If you thought that Microsoft wouldn’t capitalize on its AI opportunity for businesses, think again.
Microsoft will tell its corporate partners this week at Microsoft Inspire that it will charge a whopping $30 per user per month for Microsoft 365 Copilot, Microsoft’s AI-assisted features for its Microsoft 365 suite — double what it’s charging for Microsoft 365 by itself. Microsoft is also announcing a specialized version of Bing Chat for businesses, Bing Chat Enterprise, that will can be used to ask the AI questions about a company’s confidential information without it being leaked outside of corporate firewalls.
Microsoft is clearly betting that enterprises will value Microsoft 365 Copilot enough that they’ll want to pay for the additional features Copilot offers, which vary by Office application. In fact, Microsoft isn’t even saying when Microsoft 365 Copilot will be available this week at its Inspire conference — just preparing those customers (specifically Microsoft 365 E3, E5, Business Standard and Business Premium customers) that they’ll have to pay a ton for the additional AI services.
First announced in March, Microsoft 365 Copilot continues to apply intelligence to enterprise data, the portion of Microsoft’s customer base most likely to want to invest in smarter decisions. For years, these smarts were reserved for PowerBI, bringing in third-party sources of data to let users and Microsoft analyze the strengths and weaknesses of their businesses.
Microsoft clearly believes that businesses will pay up. Microsoft actually charges businesses about what consumers end up paying for Microsoft 365. Microsoft 365 Apps for Business is the most comparable plan, and Microsoft charges $8.25 per user per month for the desktop versions of the Office apps plus a terabyte of OneDrive cloud storage. Microsoft 365 Business Standard ($12.50/user/mo) and Business Premium ($22/user/mo) cost more for additional data controls. Put another way, Microsoft is charging more per user per month for AI — double, in some cases! — than Office itself.
“The comparatively high price point for Microsoft 365 Copilot will likely mean that most early adopting customers will focus on equipping employee roles that have high-value use cases for generative AI, such as marketing, sales and customer service, rather than just roll it out enterprise-wide to all Microsoft 365 users,” said Jason Wong, a vice president and analyst at Gartner, in an email. “With all the hype for generative AI, organizations expect equal value in return.”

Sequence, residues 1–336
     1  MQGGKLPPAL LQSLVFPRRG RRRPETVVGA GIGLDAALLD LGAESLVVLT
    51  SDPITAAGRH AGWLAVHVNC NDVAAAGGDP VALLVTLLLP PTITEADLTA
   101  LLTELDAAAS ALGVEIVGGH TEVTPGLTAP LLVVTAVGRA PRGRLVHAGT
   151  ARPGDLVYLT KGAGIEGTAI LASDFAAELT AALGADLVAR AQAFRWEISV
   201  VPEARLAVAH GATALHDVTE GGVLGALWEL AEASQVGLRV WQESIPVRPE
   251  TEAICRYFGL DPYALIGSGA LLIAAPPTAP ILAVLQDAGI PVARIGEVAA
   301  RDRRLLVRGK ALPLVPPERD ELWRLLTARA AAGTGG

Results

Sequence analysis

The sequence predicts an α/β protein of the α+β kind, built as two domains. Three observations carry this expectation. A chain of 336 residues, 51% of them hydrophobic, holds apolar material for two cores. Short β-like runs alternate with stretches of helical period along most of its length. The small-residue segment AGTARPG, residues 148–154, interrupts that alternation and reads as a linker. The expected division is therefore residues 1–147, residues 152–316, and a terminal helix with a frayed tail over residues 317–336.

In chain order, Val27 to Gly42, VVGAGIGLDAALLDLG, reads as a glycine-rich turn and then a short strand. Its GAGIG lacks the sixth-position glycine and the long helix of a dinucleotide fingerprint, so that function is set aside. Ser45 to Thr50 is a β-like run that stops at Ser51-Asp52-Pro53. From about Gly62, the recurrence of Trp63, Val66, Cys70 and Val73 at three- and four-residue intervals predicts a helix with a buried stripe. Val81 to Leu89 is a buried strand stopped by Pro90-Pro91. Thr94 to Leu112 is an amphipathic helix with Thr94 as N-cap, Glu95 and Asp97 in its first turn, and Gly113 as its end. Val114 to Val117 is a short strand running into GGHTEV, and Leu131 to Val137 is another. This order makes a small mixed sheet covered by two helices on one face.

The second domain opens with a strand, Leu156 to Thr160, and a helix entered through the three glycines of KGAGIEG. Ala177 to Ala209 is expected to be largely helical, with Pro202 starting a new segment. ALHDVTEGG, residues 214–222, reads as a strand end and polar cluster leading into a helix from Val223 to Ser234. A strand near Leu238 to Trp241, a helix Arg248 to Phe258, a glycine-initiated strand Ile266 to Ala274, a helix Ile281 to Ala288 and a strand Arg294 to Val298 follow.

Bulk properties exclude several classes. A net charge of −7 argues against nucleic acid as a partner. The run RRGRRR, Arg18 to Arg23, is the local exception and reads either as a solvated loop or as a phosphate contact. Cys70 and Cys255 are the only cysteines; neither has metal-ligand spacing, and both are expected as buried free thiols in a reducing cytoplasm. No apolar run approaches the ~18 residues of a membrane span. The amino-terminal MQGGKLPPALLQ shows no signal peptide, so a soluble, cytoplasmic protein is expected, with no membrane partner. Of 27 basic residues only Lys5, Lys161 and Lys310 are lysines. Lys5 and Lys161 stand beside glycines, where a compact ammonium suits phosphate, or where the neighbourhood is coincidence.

How much will Microsoft charge consumers for Microsoft 365?
What Microsoft hasn’t done, however, is disclose anything about what the company will charge everyday Windows users for adding AI to its consumer Microsoft 365 subscriptions. Microsoft currently charges $69.99 per year for Microsoft 365 Personal ($6.99 per month), and $99.99 per year (or $9.99 per month) for a Microsoft 365 Family Plan for between two to six people. If Microsoft plans to charge an additional $30/user/mo for Microsoft 365 Copilot, will consumers end up footing a similar bill?
We don’t know. A company representative replied that Microsoft has “nothing more to share” about what, if anything, it will charge consumers for Microsoft 365 Copilot.
We do know, of course, that Microsoft loves subscriptions. Just this week, Microsoft revamped its Games with Gold program (which gave you free Xbox games) to rename it as Game Pass Core, which allows you access to a small subset of games within of the main Game Pass Ultimate subscription. Windows is the “socket” for subscriptions, Microsoft chief executive Satya Nadella has said. Meanwhile, more and more Windows apps quietly hide subscriptions, and that’s before you arrive at Microsoft 365’s overt monthly payment. Microsoft wants you paying for Office, and probably AI, like your water bill — grumble all you want, but just put it on autopay and budget it in.
Introducing Bing Chat Enterprise
To sweeten the deal, Microsoft is adding the Bing Chat Enterprise to the same Microsoft 365 business plans that are receiving paid access to Microsoft 365 Copilot, but at no additional cost. What Microsoft is doing, however, is making Bing Chat Enterprise available to those businesses who do not want to pay for Microsoft 365 for an optional $5 per user, per month.
“Just like Bing Chat, Bing Chat Enterprise is grounded in web data and provides complete, verifiable answers with citations, along with visual answers that include graphs, charts and images,” Microsoft said in a blog post. More importantly, the information a business customer enters is not sent into the Microsoft cloud, but remains protected.
In search, though, the race between Google and Microsoft is a tight one. Consumers will benefit as each company tries to entice you with free features. Google’s Workspace is fighting to increase its market share in the enterprise, but Microsoft clearly feels that Microsoft 365 has the upper hand — and will demand businesses pay for the additional AI capabilities. How the company eventually prices Microsoft 365 for consumers, though, will be a major tell in how it believes average users perceive Microsoft 365 versus Google Workspace. Right now, it looks like Microsoft expects you to open your wallet.